Tommy: Now, and this is just me asking because I am not familiar, would you say that the Africa Study Bible is as applicable in Nairobi as it is in Nigeria as it is in South Africa? Is the culture so similar that it can be used in all those regions?

Matthew: I'll answer this in two ways. We as an editorial team were very aware of making it cross cultural. Every time we mention "culture" in the Africa Study Bible we never said "African culture," rather, it is always with an s "African cultures." So the editors were very aware of the diversity within Africa. With that said, we all know, living in this country, that there is a very different culture in the southern United States as there is being in the northern region. Likewise, being from California brings yet another cultural experience. And so there is this holistic idea what it is to be an American. We all also understand that there are a lot of cultures within a country that is thousands of miles long. So, it's truly the same in Africa but even more so. There is a certain cultural dynamic that there is a lot of similarities, there is the shared love for story -- they share proverbs and stories. There is a sense of shared culture that is in a big, general, overarching broad stroke way different than American culture, different than European culture, and yet they share some common understanding and heritage.

Tommy: Now, Matt, I knew you've done a lot of traveling in Africa recently. Has the Africa Study Bible been easily accepted or has it taken time to help these leaders accept what you guys have created?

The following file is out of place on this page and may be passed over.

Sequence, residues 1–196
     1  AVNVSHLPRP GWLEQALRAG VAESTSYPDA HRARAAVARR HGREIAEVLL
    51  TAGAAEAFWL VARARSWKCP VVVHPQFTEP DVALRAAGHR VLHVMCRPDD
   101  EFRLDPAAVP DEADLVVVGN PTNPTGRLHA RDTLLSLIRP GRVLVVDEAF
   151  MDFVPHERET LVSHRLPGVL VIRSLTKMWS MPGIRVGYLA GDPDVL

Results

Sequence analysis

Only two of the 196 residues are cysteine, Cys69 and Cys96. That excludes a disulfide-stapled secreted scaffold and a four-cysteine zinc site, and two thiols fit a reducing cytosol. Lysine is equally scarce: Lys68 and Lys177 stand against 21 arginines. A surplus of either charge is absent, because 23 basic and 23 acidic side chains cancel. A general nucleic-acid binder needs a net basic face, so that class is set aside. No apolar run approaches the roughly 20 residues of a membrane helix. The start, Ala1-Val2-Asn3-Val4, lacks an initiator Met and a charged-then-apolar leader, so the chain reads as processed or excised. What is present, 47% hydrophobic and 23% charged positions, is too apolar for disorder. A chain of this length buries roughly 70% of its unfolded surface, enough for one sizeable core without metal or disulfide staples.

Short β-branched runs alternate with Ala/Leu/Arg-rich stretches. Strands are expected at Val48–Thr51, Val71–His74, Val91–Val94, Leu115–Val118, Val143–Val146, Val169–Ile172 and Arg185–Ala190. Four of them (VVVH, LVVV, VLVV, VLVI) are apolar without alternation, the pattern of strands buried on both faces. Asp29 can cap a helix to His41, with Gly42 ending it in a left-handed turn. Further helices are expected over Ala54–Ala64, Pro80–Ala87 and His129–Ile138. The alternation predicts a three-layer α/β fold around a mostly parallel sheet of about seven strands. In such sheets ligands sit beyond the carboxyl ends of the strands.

Matthew: The seven years to develop the Africa Study Bible has been a God-thing because of the amount of acceptance we have received. It just allowed the word to get out and it allowed us to meet with more leaders. I spent a lot of the last three years in my travels meeting with African heads of denominations, and various leaders, talking about the project and explaining it. I have spent time talking to people who are the head of two or three big seminaries in their country or the head of the denomination or just spreading the word. So the length of the project allowed us to talk about it with a lot of people. The most exciting thing is just to have Africa have a real sense of ownership. It's their Bible, they know it's their Bible, and they have accepted it as their Bible. That is something that has been very, very cool.

Tommy: Matthew, you said something very key. You spent a lot of time listening and developing relationships. We don't always understand it in the US where everything is very transactional. Relationship is actually very important especially when you go to Asia and Africa, right?

Matthew: Relationship is very prominent in that part of the world. You’re right. In the US, we operate through transactional relationships but it’s important to listen and build those relationships. You get a lot more things done that way versus just pushing an agenda or a to do list.

Stay tuned for part tw0, next week...